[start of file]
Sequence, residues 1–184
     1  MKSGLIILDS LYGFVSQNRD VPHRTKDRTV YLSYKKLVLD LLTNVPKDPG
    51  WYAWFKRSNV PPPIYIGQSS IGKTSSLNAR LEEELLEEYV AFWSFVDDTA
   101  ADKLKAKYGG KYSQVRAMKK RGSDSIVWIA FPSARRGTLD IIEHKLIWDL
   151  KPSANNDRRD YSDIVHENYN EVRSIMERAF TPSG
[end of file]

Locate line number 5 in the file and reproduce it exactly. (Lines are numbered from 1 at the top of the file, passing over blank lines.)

   151  KPSANNDRRD YSDIVHENYN EVRSIMERAF TPSG